On the Plausibility of Psychotic Hallucinations

anonyme flamand_cauchemarA paper published in the Journal for Neurocognitive Research,  Vol. 53, No 1-2 (2011).

In this paper, we describe several factors that can contribute, from the patient’s viewpoint, to the plausibility of psychotic hallucinations. We sketch then a Plausibility of Hallucinations Scale, consisting of a 50-item questionnaire, which aims at evaluating the degree of plausibility of hallucinations. We also emphasize the utility of pointing out to the patient the several factors that contribute to the plausibility of his/her hallucinations, in the context of cognitive therapy for schizophrenia.

This paper is cited in:

Mark Grimshaw, Tom Garner, Sonic Virtuality: Sound as Emergent Perception, New York: Oxford University Press, 2015

I. de Chazeron, B. Pereirae, I. Chereau-Boudete, G. Broussee, D. Misdrahie, G. Fénelone, A.-M. Tronchee, R. Schwane, C. Lançone, A. Marquese, B. Debillye, F. Durife, P.M. Llorca, Validation of a Psycho-Sensory Hallucinations Scale (PSAS) in schizophrenia and Parkinson’s disease, Volume 161, Issues 2-3, Pages 269–276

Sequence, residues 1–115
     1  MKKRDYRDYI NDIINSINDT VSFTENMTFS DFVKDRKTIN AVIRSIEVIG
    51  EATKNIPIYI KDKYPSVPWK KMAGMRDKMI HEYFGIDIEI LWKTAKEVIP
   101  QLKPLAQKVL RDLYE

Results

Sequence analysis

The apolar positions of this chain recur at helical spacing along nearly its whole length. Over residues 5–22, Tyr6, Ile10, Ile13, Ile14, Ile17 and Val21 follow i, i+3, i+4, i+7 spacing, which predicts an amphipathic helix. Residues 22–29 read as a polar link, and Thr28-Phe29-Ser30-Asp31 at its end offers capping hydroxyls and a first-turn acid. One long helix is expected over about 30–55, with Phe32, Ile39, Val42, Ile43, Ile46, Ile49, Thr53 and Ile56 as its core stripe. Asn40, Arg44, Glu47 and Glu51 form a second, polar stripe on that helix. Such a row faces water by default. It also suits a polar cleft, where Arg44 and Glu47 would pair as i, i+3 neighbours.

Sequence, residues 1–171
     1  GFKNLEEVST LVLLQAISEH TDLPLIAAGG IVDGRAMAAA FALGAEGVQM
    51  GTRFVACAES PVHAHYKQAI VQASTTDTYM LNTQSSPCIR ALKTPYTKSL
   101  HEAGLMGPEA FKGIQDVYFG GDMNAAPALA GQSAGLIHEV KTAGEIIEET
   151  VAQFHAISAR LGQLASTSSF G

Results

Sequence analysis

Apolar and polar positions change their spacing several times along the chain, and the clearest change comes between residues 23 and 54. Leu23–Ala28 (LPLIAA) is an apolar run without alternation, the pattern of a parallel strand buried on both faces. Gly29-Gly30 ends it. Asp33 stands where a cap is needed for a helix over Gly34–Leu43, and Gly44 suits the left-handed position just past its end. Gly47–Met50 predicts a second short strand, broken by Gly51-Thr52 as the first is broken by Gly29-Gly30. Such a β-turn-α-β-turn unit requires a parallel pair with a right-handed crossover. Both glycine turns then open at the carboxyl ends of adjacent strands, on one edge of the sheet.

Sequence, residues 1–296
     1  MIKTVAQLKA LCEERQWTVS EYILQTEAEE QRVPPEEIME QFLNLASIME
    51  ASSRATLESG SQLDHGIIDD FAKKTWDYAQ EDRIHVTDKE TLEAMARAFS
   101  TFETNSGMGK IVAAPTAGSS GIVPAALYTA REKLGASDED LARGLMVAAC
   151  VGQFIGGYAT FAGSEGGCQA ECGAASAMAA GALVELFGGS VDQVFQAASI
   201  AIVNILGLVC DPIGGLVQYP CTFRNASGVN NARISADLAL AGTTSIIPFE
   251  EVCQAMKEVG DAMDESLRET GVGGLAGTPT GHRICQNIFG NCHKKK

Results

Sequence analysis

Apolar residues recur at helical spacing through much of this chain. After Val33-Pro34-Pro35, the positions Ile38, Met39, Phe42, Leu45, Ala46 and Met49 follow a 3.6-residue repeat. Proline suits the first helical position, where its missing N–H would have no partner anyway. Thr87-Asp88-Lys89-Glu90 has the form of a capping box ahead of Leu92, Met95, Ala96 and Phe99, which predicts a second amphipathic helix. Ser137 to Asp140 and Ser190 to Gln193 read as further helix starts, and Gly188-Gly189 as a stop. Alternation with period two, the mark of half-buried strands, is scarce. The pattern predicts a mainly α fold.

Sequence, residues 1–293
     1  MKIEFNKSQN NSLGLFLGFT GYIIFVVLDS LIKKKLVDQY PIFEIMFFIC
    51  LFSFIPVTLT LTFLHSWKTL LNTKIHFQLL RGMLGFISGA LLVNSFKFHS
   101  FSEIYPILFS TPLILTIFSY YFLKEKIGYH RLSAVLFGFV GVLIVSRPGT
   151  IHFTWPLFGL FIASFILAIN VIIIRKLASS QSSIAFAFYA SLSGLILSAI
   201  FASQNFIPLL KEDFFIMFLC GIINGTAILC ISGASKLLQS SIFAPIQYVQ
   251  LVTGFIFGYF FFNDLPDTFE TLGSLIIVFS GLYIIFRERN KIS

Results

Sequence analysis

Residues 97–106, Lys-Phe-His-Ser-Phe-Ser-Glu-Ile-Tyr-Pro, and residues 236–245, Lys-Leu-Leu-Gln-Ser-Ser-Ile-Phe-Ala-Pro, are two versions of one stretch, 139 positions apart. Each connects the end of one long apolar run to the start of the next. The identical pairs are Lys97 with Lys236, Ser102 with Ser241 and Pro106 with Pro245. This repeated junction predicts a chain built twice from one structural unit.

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A Logical Defence of Maher’s Model of Polythematic Delusions

Noahs-Ark-delusionEnglish translation of a paper published in French in Philosophiques, autumn 2008, under the title “Une défense logique du modèle de Maher pour les délires polythématiques”.

In this paper, we proceed to describe a model for the formation and maintenance of polythematic delusions encountered in schizophrenia, which is in adequation with Brendan Maher’s account of delusions. Polythematic delusions are considered here as the conclusions of arguments triggered by apophenia that include some very common errors of reasoning such as post hoc fallacy and confirmation bias. We describe first the structure of reasoning which leads to delusions of reference, of telepathy and of influence, by distinguishing between the primary, secondary, tertiary and quaternary types of delusional arguments. These four levels of arguments correspond to a stage the nature of which is respectively instantial, inductive, interpretative at a monothematic level and interpretative at a polythematic level. We also proceed to identify accurately the fallacious steps in the corresponding reasoning. We expose then the role of apophenia in the elaboration of delusional ideas. Lastly, we describe the role played by the hallucinations in the present model.

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